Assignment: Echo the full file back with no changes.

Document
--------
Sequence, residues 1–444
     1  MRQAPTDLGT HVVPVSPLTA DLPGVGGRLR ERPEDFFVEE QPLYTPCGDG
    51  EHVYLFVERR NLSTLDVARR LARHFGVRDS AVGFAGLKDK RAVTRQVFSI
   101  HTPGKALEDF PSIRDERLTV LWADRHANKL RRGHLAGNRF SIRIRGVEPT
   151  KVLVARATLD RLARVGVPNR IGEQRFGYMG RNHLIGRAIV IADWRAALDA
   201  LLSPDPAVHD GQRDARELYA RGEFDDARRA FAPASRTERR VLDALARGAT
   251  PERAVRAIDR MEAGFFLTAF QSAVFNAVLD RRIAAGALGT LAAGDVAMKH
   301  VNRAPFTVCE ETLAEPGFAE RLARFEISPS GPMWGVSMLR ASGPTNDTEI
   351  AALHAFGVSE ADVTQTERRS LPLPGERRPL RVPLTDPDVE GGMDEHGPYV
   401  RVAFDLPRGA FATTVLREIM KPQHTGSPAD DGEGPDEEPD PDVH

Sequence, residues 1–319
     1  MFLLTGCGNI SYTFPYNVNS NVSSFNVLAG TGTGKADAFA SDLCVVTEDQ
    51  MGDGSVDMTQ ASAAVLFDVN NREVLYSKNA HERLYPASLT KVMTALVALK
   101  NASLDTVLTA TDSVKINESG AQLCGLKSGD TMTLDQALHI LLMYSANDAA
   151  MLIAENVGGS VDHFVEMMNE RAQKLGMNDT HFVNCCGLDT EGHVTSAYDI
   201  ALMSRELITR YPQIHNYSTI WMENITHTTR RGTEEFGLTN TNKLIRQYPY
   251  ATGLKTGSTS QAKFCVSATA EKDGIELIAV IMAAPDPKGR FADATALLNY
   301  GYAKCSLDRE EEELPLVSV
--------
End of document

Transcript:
Sequence, residues 1–444
     1  MRQAPTDLGT HVVPVSPLTA DLPGVGGRLR ERPEDFFVEE QPLYTPCGDG
    51  EHVYLFVERR NLSTLDVARR LARHFGVRDS AVGFAGLKDK RAVTRQVFSI
   101  HTPGKALEDF PSIRDERLTV LWADRHANKL RRGHLAGNRF SIRIRGVEPT
   151  KVLVARATLD RLARVGVPNR IGEQRFGYMG RNHLIGRAIV IADWRAALDA
   201  LLSPDPAVHD GQRDARELYA RGEFDDARRA FAPASRTERR VLDALARGAT
   251  PERAVRAIDR MEAGFFLTAF QSAVFNAVLD RRIAAGALGT LAAGDVAMKH
   301  VNRAPFTVCE ETLAEPGFAE RLARFEISPS GPMWGVSMLR ASGPTNDTEI
   351  AALHAFGVSE ADVTQTERRS LPLPGERRPL RVPLTDPDVE GGMDEHGPYV
   401  RVAFDLPRGA FATTVLREIM KPQHTGSPAD DGEGPDEEPD PDVH

Sequence, residues 1–319
     1  MFLLTGCGNI SYTFPYNVNS NVSSFNVLAG TGTGKADAFA SDLCVVTEDQ
    51  MGDGSVDMTQ ASAAVLFDVN NREVLYSKNA HERLYPASLT KVMTALVALK
   101  NASLDTVLTA TDSVKINESG AQLCGLKSGD TMTLDQALHI LLMYSANDAA
   151  MLIAENVGGS VDHFVEMMNE RAQKLGMNDT HFVNCCGLDT EGHVTSAYDI
   201  ALMSRELITR YPQIHNYSTI WMENITHTTR RGTEEFGLTN TNKLIRQYPY
   251  ATGLKTGSTS QAKFCVSATA EKDGIELIAV IMAAPDPKGR FADATALLNY
   301  GYAKCSLDRE EEELPLVSV